I humbly accept God’s gift of an idea for a blog post, via C.S. Lewis. I’d just watched a movie—entertaining, but essentially a waste of time—and began thinking in terms of a useful endeavor to make up for the movie. “I know,” I said to myself inaudibly, “I’ll open up Mere Christianity to see if God has something for me from the fruitful mind of Narnia’s creator.” I found the following:
How is it that people who are quite obviously eaten up with Pride can say they believe in God and appear to themselves very religious? I am afraid it means they are worshipping an imaginary God. They theoretically admit themselves to be nothing in the presence of this phantom God, but are really all the time imagining how He approves of them and thinks them far better than ordinary people: that is, they pay a pennyworth of imaginary humility to Him and get out of it a pound’s worth of Pride towards their fellow-men. I suppose it was of those people Christ was thinking when He said that some would preach about Him and cast out devils in His name, only to be told at the end of the world that He had never known them. And any of us may at any moment be in this death-trap. Luckily, we have a test. Whenever we find that our religious life is making us feel that we are good— above all, that we are better than someone else— I think we may be sure that we are being acted on, not by God, but by the devil. The real test of being in the presence of God is, that you either forget about yourself altogether or see yourself as a small, dirty object. It is better to forget about yourself altogether.
Lewis, C. S. (2009-05-28). Mere Christianity (C.S. Lewis Signature Classics) (pp. 124-125). HarperCollins. Kindle Edition.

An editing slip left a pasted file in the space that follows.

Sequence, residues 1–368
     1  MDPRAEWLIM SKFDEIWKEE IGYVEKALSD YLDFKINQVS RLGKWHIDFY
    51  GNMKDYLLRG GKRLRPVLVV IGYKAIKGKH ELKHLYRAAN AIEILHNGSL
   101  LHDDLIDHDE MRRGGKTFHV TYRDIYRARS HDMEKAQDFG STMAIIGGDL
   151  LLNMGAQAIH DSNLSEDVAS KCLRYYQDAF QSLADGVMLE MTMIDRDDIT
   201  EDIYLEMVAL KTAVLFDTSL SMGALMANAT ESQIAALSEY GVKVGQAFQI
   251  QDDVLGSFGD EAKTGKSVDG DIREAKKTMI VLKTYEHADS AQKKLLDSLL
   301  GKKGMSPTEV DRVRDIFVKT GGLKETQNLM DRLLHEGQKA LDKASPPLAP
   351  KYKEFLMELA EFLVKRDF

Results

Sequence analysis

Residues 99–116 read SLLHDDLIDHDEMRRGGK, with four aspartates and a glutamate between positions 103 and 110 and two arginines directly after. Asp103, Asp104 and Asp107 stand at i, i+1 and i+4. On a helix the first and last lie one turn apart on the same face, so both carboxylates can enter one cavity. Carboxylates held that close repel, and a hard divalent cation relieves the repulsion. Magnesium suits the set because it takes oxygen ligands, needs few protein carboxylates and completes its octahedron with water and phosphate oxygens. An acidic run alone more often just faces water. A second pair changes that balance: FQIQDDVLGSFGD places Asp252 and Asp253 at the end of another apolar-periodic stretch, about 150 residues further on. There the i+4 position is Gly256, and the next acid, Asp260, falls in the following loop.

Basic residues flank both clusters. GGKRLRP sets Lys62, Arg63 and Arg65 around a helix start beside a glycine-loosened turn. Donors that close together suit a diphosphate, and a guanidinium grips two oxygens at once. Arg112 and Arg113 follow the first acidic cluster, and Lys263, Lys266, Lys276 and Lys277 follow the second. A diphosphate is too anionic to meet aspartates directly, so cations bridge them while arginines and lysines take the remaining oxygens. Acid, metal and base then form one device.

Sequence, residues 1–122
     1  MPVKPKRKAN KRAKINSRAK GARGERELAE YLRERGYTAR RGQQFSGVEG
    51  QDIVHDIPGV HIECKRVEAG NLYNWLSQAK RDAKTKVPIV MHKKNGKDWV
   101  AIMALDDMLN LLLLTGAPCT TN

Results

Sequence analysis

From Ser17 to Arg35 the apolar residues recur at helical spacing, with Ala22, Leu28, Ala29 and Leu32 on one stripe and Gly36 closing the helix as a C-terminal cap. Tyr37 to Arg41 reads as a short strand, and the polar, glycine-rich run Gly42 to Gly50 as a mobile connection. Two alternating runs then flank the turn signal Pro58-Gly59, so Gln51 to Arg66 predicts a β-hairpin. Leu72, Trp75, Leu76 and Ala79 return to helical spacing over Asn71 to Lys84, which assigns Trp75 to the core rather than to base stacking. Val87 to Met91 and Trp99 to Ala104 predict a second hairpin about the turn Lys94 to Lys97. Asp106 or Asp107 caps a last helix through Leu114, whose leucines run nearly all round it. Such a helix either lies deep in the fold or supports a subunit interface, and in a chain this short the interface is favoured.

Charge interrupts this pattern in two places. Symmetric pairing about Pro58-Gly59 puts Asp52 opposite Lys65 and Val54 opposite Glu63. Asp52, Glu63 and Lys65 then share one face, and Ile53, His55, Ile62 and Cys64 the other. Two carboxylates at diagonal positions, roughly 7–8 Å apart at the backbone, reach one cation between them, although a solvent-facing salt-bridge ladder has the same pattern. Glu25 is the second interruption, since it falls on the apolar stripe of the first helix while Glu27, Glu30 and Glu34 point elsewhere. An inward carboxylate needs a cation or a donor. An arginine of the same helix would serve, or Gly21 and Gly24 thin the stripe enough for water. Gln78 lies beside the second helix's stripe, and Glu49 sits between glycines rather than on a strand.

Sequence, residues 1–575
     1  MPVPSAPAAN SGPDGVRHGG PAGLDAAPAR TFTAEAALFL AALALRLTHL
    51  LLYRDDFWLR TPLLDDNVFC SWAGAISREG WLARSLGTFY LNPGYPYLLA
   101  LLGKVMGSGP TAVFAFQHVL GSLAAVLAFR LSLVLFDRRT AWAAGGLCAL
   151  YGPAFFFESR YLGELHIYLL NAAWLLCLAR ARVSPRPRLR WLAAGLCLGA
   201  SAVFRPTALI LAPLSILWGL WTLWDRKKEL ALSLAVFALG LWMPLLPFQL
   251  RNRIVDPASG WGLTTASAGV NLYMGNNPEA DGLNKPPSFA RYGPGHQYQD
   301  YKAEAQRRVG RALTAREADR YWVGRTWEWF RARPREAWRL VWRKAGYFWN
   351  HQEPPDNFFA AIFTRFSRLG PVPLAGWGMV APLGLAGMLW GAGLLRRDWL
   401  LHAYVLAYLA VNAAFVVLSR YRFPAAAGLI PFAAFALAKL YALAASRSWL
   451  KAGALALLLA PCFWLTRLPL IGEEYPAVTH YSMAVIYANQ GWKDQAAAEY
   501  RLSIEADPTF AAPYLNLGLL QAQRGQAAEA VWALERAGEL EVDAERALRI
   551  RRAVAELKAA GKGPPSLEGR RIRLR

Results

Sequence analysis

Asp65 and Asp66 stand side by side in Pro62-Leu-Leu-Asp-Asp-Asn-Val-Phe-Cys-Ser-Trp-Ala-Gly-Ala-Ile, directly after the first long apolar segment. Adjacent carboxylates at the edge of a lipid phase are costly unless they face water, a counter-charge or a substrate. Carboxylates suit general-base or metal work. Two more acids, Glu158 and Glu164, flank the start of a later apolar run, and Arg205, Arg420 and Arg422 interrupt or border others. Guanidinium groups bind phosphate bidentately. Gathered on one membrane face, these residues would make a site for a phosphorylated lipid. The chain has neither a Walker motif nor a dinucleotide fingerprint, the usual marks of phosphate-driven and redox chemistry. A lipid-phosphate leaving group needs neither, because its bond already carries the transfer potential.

Professor Lewis dealt with the pride issue as witnessed in Christian circles, but keep in mind that all sorts of religious and non-religious people wallow deeply in vain pride. The “imaginary God” he refers to isn’t imaginary at all. On the contrary, he is quite flesh-and-blood real, and you can stare him right in the eyes using only a mirror. Oh yes, they (or “we,” depending on our spiritual state at any particular moment) give lip service to the Heavenly Father, Jesus, or the Holy Spirit, but without the foggiest idea of God’s magnificent greatness. And why is that? You’ve heard the axiom, “You can’t see the forest for the trees.” In this application it is, “You can’t see the living God for all the stuff you’ve put ahead of him.”
Thing is, God doesn’t suffer competition. If you’re preoccupied with your own perfection—or making excuses for your own imperfection—he won’t bother revealing himself to you. Often, when people complain of a distant, impersonal God, it’s simply due to their having no room in their lives for the true, living, loving God.
Lewis suggested a test for whether or not you’re in God’s presence. Well, I have a test for the opposite: If you see anyone who is in greater need of the Savior than you, you don’t know God … or yourself. Being “saved, sanctified, and on the Royal Road” doesn’t mean you need Jesus in your life a bit less than the most obnoxious reprobate, but if you see said reprobate as more spiritually needy than yourself, God is closer to him than to you.